How on earth is this ‘off-topic?’

      The topic is vaccinations, not your strongly dislike for the project and its participants.

      I’m bold and blunt at times, and that is unfeminine, whatever. But tantrum? C’mon Matt, that’s just so classic misogynist.

      Anybody, regardless of race, gender, or political affiliation, who squats on a website and flames every author’s post regardless of topic or context is accurately described as throwing a tantrum. Neither this post nor my calling your tantrum a tantrum to it had anything to do with gender.

    • Tom

      @Niemca- If your single largest enemy (almost exclusively, too, it would seem…) is the “Obamanation”, then you’re really missing out on a lot of other important things.

      I’m a both/and kind of person, not an either/or. The Obama administration continues to be a problem for Americans, but it’s hardly the only problem we have. Don’t lose sight of other problems because of your concern with the current White House administration.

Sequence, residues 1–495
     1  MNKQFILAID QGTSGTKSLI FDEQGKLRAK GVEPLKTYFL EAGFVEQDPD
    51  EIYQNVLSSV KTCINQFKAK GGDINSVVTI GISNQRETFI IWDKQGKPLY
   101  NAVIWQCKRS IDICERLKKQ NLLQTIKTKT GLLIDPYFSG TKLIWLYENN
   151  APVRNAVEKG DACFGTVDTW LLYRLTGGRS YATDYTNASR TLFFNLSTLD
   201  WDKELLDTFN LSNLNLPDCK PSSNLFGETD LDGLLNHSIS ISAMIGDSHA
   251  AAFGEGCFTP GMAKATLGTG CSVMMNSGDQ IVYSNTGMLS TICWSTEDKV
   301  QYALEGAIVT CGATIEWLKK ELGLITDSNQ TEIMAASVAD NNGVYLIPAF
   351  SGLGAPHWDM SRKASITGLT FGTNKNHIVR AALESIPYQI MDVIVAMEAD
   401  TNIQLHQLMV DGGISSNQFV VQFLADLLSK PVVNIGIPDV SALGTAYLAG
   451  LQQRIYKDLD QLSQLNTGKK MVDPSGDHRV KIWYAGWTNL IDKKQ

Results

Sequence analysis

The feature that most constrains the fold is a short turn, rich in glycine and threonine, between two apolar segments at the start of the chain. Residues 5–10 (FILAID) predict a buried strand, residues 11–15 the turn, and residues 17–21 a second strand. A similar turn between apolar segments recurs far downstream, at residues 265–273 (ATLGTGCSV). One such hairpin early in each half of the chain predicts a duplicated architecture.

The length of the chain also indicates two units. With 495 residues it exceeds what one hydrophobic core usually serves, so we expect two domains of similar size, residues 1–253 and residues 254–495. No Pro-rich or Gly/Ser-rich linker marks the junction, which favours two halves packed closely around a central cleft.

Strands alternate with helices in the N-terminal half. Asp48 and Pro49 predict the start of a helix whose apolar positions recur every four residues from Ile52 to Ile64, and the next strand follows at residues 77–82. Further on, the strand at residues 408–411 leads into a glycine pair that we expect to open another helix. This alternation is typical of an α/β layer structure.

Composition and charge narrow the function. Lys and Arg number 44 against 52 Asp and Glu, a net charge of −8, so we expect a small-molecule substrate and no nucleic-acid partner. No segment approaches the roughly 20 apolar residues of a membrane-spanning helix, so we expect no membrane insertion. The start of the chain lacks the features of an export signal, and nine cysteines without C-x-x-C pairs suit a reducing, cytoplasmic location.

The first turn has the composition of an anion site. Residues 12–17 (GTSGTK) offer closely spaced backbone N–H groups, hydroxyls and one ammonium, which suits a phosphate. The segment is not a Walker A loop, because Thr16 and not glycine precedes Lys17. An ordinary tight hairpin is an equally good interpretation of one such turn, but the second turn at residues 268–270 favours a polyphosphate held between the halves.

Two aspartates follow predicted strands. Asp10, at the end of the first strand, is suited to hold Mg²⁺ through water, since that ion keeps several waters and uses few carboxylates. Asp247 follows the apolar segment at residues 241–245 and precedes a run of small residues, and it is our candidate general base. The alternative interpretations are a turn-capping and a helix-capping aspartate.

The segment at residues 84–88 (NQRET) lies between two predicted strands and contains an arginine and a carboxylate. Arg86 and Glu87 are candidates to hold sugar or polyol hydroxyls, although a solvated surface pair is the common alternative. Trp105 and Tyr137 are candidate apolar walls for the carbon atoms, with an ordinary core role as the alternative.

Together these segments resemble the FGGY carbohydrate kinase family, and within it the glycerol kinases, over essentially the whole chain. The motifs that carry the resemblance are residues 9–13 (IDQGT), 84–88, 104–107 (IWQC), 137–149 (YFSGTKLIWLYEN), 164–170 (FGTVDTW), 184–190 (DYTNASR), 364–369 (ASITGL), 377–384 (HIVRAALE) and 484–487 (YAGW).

• Lew

      I’m not sure I would have “gotten” TYN without a prior “background” in these perspectives gained from reading MP and others who use these ideas.

      Consider these two hypothetical statements:

      “TYN is for tribe and tradition for all peoples.”

      “The White Student Union is about helping white folks.”

      The second statement is clear and concrete in a way the first is not. I doubt N is a person of truly bad faith. More likely, she is just impassioned about white interests and doesn’t fully get what TYN is up to here. Whatever the merits of the point, a paragraph spent discussing blacks and their problems is a paragraph not spent discussing whites and theirs.